Articles Posted in Consumer Law

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In 2011, Henderson Square Condominium Association sued, alleging: breach of the implied warranty of habitability, fraud, negligence, breach of the Chicago Municipal Code’s prohibition against misrepresenting material facts in marketing and selling real estate, and breach of a fiduciary duty. The defendants were developers that entered into a contract with the city for a mixed use project, the Lincoln-Belmont-Ashland Redevelopment Project. Sales in the project had begun in 1996. The trial court dismissed, finding that plaintiffs failed to adequately plead the Chicago Municipal Code violation and breach of fiduciary duty and that counts were time-barred under the Code of Civil Procedure (735 ILCS 5/13-214). The appellate court reversed. The Illinois Supreme Court affirmed. A condominium association generally has standing to pursue claims that affect the unit owners or the common elements. A question of fact remains as to whether defendants’ failure to speak about construction deficiencies or to adequately fund reserves, coupled with earlier alleged misrepresentations, amounted to fraudulent concealment for purposes of exceptions to the limitation and repose periods. It is possible that minor repairs, along with the limited nature of water infiltration, reasonably delayed plaintiffs’ hiring of professional contractors to open the wall and discover latent defects. The date when plaintiffs reasonably should have known that an injury occurred and that it was wrongfully caused was a question of fact. View "Henderson Square Condo. Ass'n v. LAB Townhomes, LLC" on Justia Law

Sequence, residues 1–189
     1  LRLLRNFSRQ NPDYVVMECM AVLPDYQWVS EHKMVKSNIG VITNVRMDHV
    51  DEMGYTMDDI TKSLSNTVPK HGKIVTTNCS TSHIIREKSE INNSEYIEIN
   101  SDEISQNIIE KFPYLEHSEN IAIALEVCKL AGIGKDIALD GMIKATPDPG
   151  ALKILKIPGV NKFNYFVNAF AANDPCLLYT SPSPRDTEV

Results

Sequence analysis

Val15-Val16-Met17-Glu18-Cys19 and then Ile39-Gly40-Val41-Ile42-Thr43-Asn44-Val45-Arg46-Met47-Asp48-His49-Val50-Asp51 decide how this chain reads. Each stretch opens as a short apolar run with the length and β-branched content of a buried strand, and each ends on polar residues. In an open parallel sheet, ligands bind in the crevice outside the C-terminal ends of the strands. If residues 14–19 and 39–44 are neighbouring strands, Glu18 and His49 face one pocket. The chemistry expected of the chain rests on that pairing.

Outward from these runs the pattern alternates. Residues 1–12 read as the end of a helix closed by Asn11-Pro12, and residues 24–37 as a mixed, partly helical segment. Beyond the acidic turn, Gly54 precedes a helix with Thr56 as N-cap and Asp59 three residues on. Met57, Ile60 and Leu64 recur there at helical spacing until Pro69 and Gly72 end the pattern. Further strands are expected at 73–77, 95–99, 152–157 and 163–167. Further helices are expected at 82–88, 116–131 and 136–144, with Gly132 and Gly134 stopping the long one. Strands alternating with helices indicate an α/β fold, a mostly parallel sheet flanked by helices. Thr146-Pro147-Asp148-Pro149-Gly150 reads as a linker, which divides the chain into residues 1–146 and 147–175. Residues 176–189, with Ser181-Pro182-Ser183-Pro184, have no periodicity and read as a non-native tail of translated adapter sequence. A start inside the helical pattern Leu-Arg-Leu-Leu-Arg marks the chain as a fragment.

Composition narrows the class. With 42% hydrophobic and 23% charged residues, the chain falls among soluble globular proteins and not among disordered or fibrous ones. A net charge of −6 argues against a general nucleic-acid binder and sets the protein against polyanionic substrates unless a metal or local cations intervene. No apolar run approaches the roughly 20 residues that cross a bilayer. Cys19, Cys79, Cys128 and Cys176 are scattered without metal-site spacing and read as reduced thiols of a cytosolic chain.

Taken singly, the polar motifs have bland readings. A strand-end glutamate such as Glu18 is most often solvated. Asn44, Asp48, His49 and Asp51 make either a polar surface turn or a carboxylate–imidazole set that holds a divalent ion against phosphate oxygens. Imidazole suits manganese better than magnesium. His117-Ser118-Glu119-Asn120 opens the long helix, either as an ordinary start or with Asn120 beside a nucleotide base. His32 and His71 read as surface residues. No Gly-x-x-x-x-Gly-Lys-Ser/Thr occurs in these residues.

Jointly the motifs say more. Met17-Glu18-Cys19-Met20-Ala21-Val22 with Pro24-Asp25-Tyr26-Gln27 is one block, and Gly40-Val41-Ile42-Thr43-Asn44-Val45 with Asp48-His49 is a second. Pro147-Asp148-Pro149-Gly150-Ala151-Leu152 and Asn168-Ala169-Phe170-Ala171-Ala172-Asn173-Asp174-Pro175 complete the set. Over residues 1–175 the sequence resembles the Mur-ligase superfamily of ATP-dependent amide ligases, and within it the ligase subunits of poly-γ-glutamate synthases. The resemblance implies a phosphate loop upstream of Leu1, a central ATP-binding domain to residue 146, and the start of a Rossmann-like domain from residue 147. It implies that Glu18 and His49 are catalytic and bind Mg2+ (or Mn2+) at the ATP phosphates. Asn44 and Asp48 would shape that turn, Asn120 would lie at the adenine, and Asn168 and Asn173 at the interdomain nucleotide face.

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In 2010, plaintiff filed a complaint and sought class certification, alleging that defendant sent unsolicited fax advertisement, violating the Telephone Consumer Protection Act (47 U.S.C. 227) and the Consumer Fraud and Deceptive Business Practices Act (815 ILCS 505/2) and constituting common-law conversion of toner and paper. Each count included class allegations indicating that plaintiff was filing on behalf of a class estimated at over 40 individuals. Defendant unsuccessfully sought summary judgment solely on count I (federal Act), alleging that on three separate occasions it tendered an unconditional offer of payment exceeding the total recoverable damages, rendering the claim moot. The court reasoned that defendant did not offer tender on count I before plaintiff moved for class certification and rejected defendant’s argument that the motion was merely a “shell” motion. The appellate court affirmed certification of the class on counts II and III but reversed class certification on count I, agreeing that plaintiff’s initial motion for class certification, filed concurrently with its complaint, was an insufficient “shell” motion. The Illinois Supreme Court reinstated the trial court decision, holding that its precedent did not impose any explicit requirements on the motion for class certification, let alone a heightened evidentiary or factual basis for the motion. View "Ballard RN Center, Inc. v. Kohll's Pharmacy & Homecare, Inc." on Justia Law